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Kingston's New Mayor Promises Inclusion

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City Hall in Kingston was filled to capacity Friday, as well-wishers flocked to greet incoming Mayor Steve Noble, who took the oath of office on the first day of the year.

“I am not what some of you would think of when you picture what a mayor of Kingston should look like,” Noble said. “I’m young, and I don’t have a background in politics. But I believe, and it seems so do you, that it is time for a change,” he said.

“I have no intention of making empty promises, the issues we’ll be facing will not be solved overnight,” Noble told the crowd. “Like all other mayors before me, I will inherit the issues, problems, projects, that I did not previously manage,” he noted.

“It will take time, strategy, perseverance and patience to be successful,” Noble added. The new mayor promised to work in partnership with the city council to move the city forward.

“I will communicate openly, intelligently and respectfully with all residents, businesses, media and stakeholders. I will make decisions based on facts and reason, listening to all parties, and weighing all options, he said.

“This is your City Hall. This is your Common Council. I am your mayor. Our job is to work together to make Kingston a safe, stable and thriving city, so let’s get to work,” Noble said to cheers from the audience.

Among the changes for the new administration are reevaluations for important departments, starting with the office of economic development, which will be split between two managers, one for business services and the other for grants. A new confidential secretary opening for the mayor’s office will be interviewing next week.

Noble also stated he will enhance public relations, making the state of the city reports more frequent, broken down by department, and utilizing multiple forms of communication including social media and a revamped website.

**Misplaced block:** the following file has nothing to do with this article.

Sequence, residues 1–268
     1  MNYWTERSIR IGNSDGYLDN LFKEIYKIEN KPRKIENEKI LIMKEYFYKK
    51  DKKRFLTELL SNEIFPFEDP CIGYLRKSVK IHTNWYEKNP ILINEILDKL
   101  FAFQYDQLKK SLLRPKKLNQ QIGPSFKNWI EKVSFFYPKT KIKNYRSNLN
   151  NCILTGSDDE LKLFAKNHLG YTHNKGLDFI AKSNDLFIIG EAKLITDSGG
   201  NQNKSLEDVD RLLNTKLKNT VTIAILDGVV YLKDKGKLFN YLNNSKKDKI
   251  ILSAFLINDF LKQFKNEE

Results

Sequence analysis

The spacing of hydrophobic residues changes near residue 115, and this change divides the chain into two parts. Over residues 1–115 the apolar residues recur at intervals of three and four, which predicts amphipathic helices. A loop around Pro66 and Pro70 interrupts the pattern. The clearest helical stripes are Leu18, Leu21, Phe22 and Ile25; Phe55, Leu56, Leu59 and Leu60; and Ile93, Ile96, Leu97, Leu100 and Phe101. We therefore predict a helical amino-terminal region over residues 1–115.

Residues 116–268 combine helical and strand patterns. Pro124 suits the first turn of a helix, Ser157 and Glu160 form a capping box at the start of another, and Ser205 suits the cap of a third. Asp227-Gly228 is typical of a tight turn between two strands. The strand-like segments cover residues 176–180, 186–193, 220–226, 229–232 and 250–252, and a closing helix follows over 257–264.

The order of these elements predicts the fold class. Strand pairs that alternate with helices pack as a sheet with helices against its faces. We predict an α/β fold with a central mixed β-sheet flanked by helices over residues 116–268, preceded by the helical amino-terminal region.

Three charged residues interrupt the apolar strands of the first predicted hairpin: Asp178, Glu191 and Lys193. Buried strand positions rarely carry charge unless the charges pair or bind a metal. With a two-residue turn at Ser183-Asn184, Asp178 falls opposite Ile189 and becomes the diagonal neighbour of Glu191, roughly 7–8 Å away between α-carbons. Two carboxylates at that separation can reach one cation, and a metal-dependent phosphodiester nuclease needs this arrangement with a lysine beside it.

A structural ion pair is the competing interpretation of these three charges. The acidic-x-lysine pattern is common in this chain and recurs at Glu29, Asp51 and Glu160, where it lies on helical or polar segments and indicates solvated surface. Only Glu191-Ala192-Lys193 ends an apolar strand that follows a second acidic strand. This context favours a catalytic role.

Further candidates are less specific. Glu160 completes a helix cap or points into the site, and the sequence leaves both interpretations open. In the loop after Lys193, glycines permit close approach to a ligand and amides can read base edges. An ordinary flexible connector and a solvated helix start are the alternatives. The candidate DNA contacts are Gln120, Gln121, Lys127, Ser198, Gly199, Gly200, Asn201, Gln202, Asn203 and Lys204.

Noble has a tough road ahead for 2016. The mayor’s office has been stripped bare, with all files removed except for office furniture. The new administration will be starting from scratch with no records to refer to. There was no transition between Noble’s team and outgoing mayor Shayne Gallo, who lost a bitter primary to one of his subordinates.

Roughly $500,000 must be set aside for next contract negotiations, and it’s unclear where that money will come from without raising taxes. Finally, Gallo left a ticking time bomb in the form of a lawsuit filed on his last day in office, regarding the ongoing Pike Plan scandal. The case potentially pits the new administration against some of its own strongest supporters. The Finance & Audit Committee of the Common Council has also been re-arranged. Former Chairperson Mary Ann Mills was replaced with newcomer Douglas Koop of the Second Ward, joined by Brad Will, Steven Schabot, Deborah Brown and Tony Davis. This factors into budget changes the new administration may wish to make, including restoration of Nobles former position in Parks & Recreation, which was cut by Gallo for 2016.